Which leads to a second, related uncomfortable lesson: in the 21st century, with both leaderless, diverse social media-driven movements and organized, disciplined Islamist groups on the rise, nonviolent revolutions – noble as their means and perceived ends may be – are far more likely than ever before to enable governments that not only defy the revolutionary’s aims at home, but also are inherently at tension with Western values.


Indeed, with the explosion of social media forces such as Facebook and Twitter, the so-called “hyper-connected world” surely will have more leaderless, nonviolent movements in store. But until the 21st-century revolutionary devises the skill set to mobilize, coalesce, and lead a political party as effectively as he or she organized a Facebook group, the nonviolent protester will find him or herself still relegated to the passenger seat, and the Islamist behind the wheel.”

There is the counterargument, of course, that perhaps the Egyptian Revolution is not done.  Perhaps, some claim, a second revolution is in the offing, leading to a more promising outcome for Egyptians and the West alike (18th-Century France, one might proclaim, didn’t exactly finish the job the first time around).  True enough – but while those who seek such an outcome point to the French Revolution(s) of 1787-99, it is easy to counter with a much more relevant, pertinent example: the Iranian Revolution in 1979.  Since the Ayatollahs took hold of Tehran, no second Iranian Revolution has succeeded, and none seems likely in the near term – for the Islamic fundamentalists who assumed the mantle of power have employed all repression and scare tactics at their disposal to maintain their stranglehold on power. We are already bearing witness to a strikingly similar scenario today in a Morsi-led Egypt. In other words, a second revolution in Egypt is not impossible, but it is also not inevitable.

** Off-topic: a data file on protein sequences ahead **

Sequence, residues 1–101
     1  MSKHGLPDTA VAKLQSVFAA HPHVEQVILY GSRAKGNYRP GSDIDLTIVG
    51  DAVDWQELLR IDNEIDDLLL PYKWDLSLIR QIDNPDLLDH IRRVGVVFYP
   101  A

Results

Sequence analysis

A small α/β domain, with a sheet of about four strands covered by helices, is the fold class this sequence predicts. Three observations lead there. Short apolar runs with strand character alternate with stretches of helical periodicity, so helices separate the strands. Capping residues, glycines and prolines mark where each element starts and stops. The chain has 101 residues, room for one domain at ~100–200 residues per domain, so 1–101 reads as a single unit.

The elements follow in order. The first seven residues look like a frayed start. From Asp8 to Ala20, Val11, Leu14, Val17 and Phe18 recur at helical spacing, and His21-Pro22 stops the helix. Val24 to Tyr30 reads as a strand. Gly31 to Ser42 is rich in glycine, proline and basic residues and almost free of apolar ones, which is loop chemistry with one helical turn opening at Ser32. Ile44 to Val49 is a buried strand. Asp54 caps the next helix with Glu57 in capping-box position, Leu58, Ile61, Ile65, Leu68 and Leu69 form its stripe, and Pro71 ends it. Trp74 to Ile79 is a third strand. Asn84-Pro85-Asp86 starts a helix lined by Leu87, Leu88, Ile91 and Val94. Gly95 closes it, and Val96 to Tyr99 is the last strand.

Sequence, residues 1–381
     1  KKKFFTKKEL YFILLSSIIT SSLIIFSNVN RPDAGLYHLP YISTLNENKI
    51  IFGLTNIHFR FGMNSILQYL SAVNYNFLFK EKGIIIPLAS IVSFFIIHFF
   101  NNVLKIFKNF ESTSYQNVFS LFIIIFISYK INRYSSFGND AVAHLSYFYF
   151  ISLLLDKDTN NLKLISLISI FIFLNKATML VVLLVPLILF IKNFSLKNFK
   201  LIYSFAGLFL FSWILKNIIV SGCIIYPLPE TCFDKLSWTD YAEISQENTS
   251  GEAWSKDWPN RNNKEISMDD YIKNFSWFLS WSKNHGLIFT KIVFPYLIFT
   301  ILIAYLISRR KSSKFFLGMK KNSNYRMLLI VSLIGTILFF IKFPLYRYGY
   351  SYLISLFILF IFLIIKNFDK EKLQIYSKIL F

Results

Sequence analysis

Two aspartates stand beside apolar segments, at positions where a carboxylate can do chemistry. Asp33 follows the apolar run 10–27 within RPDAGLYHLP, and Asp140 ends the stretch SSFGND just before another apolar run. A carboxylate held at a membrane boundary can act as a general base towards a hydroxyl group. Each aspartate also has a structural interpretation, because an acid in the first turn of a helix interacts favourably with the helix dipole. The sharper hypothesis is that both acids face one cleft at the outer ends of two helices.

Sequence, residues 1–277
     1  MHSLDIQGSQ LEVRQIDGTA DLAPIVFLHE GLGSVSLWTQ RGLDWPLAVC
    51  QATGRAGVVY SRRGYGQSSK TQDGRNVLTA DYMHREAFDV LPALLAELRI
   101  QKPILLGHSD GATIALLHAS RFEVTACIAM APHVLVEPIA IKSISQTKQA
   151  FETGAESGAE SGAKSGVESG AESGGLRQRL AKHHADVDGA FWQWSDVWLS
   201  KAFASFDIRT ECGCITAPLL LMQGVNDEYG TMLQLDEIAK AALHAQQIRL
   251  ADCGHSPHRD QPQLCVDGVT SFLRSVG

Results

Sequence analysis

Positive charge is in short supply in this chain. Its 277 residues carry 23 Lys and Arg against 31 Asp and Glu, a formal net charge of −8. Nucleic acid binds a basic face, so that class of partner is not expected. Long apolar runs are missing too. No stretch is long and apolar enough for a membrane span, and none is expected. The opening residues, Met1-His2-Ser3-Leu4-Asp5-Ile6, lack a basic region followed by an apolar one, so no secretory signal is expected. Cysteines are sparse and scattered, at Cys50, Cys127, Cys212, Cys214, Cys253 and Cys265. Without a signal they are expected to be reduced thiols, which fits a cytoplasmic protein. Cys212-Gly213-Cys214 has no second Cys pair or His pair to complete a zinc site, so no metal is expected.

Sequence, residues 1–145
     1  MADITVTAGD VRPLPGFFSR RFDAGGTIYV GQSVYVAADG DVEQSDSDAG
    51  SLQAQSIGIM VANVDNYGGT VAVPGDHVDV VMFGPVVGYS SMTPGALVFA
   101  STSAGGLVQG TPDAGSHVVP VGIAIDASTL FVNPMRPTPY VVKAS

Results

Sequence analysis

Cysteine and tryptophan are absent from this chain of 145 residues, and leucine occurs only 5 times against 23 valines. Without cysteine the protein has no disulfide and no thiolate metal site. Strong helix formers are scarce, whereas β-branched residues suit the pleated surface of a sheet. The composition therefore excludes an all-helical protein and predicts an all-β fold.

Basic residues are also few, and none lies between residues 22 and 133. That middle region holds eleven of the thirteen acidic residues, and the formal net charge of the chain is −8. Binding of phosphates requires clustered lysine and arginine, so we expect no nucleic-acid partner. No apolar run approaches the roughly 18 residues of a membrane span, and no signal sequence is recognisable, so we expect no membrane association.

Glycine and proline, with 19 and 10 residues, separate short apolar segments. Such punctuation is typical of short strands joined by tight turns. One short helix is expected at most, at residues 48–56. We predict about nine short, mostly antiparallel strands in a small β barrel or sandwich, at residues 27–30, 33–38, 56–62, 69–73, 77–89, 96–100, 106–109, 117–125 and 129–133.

Nonviolence in itself is without a doubt a most admirable and courageous means for achieving a noble political end.  The nonviolent activist who seeks such justified ends is to be admired. Yet for the reasons listed in our article, nonviolent movements in our generation’s Middle East may no longer yield the desirable results of those movements in our parents’ United States, or our great-grandparents’ India.

Today, as we hear the echoes of Egypt in 2011 reverberating in other regions across the Middle East, including in Jordan, Bahrain, the West Bank, and now perhaps even Iraq, it is worthwhile to consider, as we posit in our article: “will the people in the streets crying for freedom one day be in a position to preserve it the next?”

I encourage you to read our piece in its entirety here.

About the Author
Mark is a non-resident research fellow at the Institute for Policy and Strategy at the Interdisciplinary Center (IDC) in Herzliya.